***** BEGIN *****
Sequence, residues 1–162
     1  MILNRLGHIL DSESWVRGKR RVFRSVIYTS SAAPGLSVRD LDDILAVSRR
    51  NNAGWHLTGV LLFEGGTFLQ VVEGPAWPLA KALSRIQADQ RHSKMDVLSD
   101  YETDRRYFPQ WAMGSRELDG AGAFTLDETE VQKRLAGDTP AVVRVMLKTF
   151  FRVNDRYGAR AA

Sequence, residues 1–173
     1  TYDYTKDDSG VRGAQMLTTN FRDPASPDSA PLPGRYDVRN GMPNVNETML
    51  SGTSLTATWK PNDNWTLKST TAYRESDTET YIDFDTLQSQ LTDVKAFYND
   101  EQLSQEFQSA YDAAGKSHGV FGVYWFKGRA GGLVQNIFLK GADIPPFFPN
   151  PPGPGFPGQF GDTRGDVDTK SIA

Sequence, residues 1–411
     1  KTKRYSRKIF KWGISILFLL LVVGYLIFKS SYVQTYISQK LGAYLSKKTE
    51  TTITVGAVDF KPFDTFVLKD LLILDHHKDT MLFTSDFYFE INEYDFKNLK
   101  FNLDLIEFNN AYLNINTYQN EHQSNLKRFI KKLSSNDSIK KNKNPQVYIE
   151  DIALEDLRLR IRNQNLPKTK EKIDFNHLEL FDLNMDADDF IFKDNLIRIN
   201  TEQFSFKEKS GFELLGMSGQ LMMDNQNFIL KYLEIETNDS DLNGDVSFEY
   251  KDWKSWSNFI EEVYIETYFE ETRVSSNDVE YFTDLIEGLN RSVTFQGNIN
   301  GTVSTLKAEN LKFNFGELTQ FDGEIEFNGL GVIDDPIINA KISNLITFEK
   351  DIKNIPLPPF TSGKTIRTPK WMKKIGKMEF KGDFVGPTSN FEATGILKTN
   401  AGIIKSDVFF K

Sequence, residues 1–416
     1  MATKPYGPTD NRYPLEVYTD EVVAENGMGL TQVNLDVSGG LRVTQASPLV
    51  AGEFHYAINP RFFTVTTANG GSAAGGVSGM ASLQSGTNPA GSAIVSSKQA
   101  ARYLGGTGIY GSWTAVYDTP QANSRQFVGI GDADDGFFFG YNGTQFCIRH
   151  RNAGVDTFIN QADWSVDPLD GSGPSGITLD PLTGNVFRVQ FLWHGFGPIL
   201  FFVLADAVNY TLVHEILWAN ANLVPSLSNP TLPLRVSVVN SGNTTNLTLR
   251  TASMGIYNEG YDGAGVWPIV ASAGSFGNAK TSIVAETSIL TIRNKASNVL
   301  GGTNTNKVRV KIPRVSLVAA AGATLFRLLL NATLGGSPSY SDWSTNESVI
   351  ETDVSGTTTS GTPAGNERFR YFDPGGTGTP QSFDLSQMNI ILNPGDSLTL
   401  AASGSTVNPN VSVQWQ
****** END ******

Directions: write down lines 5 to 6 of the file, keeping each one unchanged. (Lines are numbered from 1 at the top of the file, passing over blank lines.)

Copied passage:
   151  FRVNDRYGAR AA

Sequence, residues 1–173